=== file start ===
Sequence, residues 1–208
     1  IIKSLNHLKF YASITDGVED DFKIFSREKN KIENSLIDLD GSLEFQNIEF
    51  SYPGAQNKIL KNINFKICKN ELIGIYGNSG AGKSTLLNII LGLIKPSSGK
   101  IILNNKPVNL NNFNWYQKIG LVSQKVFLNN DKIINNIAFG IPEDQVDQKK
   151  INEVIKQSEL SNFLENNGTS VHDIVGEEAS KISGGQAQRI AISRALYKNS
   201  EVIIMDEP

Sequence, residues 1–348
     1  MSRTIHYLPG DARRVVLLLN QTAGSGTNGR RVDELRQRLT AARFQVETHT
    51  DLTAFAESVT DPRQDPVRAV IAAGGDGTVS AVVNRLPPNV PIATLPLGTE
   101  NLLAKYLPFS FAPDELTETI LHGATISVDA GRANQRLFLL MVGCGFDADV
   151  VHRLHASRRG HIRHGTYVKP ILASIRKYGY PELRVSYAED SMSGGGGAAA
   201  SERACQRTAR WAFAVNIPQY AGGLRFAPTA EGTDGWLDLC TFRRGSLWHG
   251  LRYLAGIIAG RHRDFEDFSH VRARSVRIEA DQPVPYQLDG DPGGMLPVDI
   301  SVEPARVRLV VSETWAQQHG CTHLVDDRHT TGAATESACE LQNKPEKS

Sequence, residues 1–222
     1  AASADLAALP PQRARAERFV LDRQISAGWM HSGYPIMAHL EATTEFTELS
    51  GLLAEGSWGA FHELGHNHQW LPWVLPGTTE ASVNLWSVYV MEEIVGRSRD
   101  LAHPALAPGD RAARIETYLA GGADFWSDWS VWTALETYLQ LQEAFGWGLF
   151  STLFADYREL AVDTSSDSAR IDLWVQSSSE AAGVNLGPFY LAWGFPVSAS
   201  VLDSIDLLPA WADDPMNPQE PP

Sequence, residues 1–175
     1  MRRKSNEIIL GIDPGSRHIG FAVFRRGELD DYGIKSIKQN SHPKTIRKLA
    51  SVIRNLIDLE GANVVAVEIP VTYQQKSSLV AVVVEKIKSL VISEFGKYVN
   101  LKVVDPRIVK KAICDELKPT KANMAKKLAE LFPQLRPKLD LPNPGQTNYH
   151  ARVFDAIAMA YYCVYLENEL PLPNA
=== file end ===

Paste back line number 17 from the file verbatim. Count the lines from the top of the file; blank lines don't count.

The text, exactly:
    51  GLLAEGSWGA FHELGHNHQW LPWVLPGTTE ASVNLWSVYV MEEIVGRSRD